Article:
The Carbon Tax and Your Business
With the Carbon Tax coming into effect from the beginning of next month, I’ll cover some basic questions I’ve been asked about it, and what it will mean for business in Australia.
What is the ‘Carbon Tax’?
The Carbon Tax is a pricing mechanism used by the government to charge polluters per tonne of carbon dioxide produced.
When does it come into effect?
The fixed Carbon Pricing Mechanism is in operation from 1 July 2012 through to 30 June 2015. From 1 July 2015 the system will change to an Emissions Trading Scheme (ETS).
What will it mean for Small & Medium Enterprises (SME)?
For most SMEs, the carbon price will be felt indirectly through increased energy costs and increased supplier prices (input-costs). The more energy-dependent your supply chain is, the higher the cost increase is likely to be. How effectively a business can absorb the cost increase will be mitigated by their ability to pass it on to their customers. In highly competitive industries, cost increases as a result of the carbon pricing system will simply be a reduction of bottom-line profit.
An example of where the increase in input costs will have the most detrimental effect on businesses include industries that operate under long-term contracts such as construction, because they will be less able to pass on increases in input costs.
Changes to the fuel tax credit system will have a more direct effect on businesses eligible to claim the tax credits. Rather than directly levying the carbon price on fuels, a reduction in the fuel tax rebate equivalent to the rate of the carbon price will be introduced. The following entities are examples of businesses that are eligible to claim fuel tax credits and will see the credit amount reduced on fuel purchases from 1 July 2012:
- Heavy Road Transport Vehicles (over 4.5 tonnes);
- Wholesale/Retail; and
- Property Management.
What incentives and support programs are available to SMEs?
Two items aimed at SMEs include the increase in the Small Business Asset Write-off from $5,000 to $6,500 and the Energy Efficiency Information Grants.
Businesses that operate under the small business asset-pooling system (businesses that operate with turnover under $2M per financial year) will see their immediate deduction for eligible assets increase from $5,000 to $6,500 commencing in the 2012-13 financial year.
The $40 million in Energy Efficiency Information Grants provide funding to industry associations and not-for-profit entities that work with small business to increase their understanding of the Government’s clean energy plan and how they can become more energy efficient. It is specifically aimed at improving the education of small businesses rather that providing direct financial assistance.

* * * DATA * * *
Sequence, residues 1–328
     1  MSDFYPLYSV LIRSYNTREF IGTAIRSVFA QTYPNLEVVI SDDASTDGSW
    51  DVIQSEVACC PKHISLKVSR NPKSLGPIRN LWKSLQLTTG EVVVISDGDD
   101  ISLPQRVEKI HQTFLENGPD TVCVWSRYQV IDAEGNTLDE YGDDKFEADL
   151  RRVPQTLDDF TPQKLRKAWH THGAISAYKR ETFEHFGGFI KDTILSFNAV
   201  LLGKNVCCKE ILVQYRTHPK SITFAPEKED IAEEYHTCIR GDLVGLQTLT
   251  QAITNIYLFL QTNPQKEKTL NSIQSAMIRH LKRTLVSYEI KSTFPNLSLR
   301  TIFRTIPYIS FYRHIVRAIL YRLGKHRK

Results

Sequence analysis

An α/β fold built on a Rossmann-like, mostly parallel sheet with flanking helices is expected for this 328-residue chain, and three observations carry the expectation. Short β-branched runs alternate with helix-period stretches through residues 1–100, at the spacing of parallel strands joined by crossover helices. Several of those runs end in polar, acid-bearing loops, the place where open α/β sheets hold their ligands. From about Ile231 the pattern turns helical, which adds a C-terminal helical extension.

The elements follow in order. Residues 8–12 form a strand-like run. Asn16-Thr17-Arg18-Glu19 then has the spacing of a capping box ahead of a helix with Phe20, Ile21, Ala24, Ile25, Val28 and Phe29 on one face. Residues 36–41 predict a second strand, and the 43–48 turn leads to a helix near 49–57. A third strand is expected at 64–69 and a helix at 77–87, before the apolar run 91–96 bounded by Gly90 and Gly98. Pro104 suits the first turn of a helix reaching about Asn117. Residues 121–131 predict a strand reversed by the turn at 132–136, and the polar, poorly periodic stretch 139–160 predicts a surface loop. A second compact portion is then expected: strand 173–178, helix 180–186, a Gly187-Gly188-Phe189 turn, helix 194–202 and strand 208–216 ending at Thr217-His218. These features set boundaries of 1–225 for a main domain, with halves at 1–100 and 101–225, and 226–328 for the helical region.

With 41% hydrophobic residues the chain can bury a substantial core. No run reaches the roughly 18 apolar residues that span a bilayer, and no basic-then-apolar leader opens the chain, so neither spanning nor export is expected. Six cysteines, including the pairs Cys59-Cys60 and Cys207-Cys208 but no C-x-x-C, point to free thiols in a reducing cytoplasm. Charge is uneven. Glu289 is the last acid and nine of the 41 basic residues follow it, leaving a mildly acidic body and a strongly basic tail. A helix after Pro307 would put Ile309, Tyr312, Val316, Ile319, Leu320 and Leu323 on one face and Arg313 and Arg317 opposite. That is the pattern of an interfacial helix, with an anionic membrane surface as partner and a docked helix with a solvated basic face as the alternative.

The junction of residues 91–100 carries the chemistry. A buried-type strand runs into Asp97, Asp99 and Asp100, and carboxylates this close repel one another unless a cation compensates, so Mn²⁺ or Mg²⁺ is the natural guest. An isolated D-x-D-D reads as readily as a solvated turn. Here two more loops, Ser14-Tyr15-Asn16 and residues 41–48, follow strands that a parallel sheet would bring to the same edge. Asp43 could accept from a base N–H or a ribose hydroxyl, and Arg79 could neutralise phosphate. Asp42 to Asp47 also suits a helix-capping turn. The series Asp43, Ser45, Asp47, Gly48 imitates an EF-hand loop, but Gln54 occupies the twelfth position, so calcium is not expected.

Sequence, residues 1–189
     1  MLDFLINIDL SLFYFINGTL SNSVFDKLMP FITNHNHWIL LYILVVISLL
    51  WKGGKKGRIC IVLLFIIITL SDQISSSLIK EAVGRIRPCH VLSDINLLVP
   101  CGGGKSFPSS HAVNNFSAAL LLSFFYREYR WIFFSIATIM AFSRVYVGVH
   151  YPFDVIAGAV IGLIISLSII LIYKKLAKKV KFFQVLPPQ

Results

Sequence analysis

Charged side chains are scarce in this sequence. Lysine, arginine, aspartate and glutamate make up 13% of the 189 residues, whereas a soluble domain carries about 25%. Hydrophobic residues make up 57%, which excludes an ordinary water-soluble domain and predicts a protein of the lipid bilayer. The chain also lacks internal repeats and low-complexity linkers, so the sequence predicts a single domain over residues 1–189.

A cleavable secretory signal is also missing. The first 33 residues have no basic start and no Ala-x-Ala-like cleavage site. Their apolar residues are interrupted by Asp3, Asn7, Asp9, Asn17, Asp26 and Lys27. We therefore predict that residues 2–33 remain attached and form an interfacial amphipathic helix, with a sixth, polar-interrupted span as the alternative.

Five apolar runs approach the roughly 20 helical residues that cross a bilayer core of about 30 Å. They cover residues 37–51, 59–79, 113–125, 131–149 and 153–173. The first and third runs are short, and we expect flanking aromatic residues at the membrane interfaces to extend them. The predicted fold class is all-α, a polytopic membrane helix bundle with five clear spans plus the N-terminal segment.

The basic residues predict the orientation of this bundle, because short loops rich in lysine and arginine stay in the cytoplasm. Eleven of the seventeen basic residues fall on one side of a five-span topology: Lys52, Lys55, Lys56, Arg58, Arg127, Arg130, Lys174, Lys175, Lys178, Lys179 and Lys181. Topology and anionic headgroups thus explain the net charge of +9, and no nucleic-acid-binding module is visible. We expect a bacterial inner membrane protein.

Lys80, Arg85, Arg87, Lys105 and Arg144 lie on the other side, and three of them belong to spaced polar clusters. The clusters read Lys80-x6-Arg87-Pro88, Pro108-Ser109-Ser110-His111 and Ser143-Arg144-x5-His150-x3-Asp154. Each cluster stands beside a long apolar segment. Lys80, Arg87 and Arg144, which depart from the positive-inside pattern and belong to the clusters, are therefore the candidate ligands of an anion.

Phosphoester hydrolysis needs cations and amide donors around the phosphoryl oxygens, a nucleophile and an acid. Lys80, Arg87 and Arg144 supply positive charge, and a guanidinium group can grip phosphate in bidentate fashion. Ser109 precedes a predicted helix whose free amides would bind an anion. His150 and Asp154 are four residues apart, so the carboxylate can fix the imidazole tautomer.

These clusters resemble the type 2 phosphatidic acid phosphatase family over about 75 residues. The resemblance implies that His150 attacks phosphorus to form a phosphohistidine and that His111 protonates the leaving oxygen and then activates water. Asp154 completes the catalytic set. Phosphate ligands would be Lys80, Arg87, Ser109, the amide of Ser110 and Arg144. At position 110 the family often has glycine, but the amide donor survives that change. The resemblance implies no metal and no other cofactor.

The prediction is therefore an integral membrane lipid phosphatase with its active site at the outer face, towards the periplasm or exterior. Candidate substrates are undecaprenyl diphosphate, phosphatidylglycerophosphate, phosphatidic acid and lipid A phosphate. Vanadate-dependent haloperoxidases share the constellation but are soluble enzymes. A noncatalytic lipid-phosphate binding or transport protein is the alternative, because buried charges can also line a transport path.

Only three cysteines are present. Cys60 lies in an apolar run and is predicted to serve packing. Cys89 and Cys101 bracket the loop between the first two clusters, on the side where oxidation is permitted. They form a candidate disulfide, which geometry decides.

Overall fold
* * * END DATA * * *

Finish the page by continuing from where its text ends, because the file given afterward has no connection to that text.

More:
What can SMEs do to minimise the impact of the carbon price?
There is a large amount of uncertainty surrounding what the actual impact will be for small-to-medium-sized businesses. Realistically, we won’t know until the carbon pricing system is in effect and the physical cost increases can be seen.
Regular reviews of financial performance and position over the initial stages of the carbon price implementation will ensure that businesses can shift their pricing and future business planning to compensate for the impact of the cost increases. Accounting systems should be maintained accurately so that business performance can be reviewed at regular intervals.
Businesses will need to look into how their prices can be adapted to pass on the costs incurred and, if they can’t, whether there are other areas within the business than can be streamlined to absorb the costs.
As energy cost increases will affect all businesses, what can we do to minimise these costs?
Energy costs have been tipped to increase significantly in the coming years as a result of the carbon price. Anything a business can do to minimise their energy costs will assist in reducing the impact of the carbon price.
A small list of achievable suggestions includes:
- Switching to more efficient lighting solutions such as LEDs;
- Ensuring all lighting and systems that can be shut down over night are; and
- Where possible, improving the efficiency of processes that rely on high levels of power.
With uncertainty in the economy and the ramifications of the carbon tax, this coming financial year is set to be a testing time for business in Australia.
As with any new piece of legislation and Government policy, we won’t know the full impact until it is in effect. All we can do is plan, prepare, and be ready to adapt to the changes it will create.